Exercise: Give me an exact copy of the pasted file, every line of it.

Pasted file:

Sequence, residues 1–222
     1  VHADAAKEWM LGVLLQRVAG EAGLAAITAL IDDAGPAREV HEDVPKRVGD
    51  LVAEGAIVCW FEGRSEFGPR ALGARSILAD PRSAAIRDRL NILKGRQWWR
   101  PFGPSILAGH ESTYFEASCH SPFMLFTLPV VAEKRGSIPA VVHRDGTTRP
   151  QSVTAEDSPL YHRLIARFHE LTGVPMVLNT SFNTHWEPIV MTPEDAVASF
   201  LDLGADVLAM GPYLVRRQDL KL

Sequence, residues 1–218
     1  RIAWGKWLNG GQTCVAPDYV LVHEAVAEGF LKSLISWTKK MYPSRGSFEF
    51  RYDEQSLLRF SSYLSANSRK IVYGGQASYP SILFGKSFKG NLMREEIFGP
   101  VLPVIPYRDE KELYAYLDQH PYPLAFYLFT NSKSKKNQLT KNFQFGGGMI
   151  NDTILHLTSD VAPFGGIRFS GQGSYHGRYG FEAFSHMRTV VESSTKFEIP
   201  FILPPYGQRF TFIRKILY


Sequence, residues 1–222
     1  VHADAAKEWM LGVLLQRVAG EAGLAAITAL IDDAGPAREV HEDVPKRVGD
    51  LVAEGAIVCW FEGRSEFGPR ALGARSILAD PRSAAIRDRL NILKGRQWWR
   101  PFGPSILAGH ESTYFEASCH SPFMLFTLPV VAEKRGSIPA VVHRDGTTRP
   151  QSVTAEDSPL YHRLIARFHE LTGVPMVLNT SFNTHWEPIV MTPEDAVASF
   201  LDLGADVLAM GPYLVRRQDL KL

Sequence, residues 1–218
     1  RIAWGKWLNG GQTCVAPDYV LVHEAVAEGF LKSLISWTKK MYPSRGSFEF
    51  RYDEQSLLRF SSYLSANSRK IVYGGQASYP SILFGKSFKG NLMREEIFGP
   101  VLPVIPYRDE KELYAYLDQH PYPLAFYLFT NSKSKKNQLT KNFQFGGGMI
   151  NDTILHLTSD VAPFGGIRFS GQGSYHGRYG FEAFSHMRTV VESSTKFEIP
   201  FILPPYGQRF TFIRKILY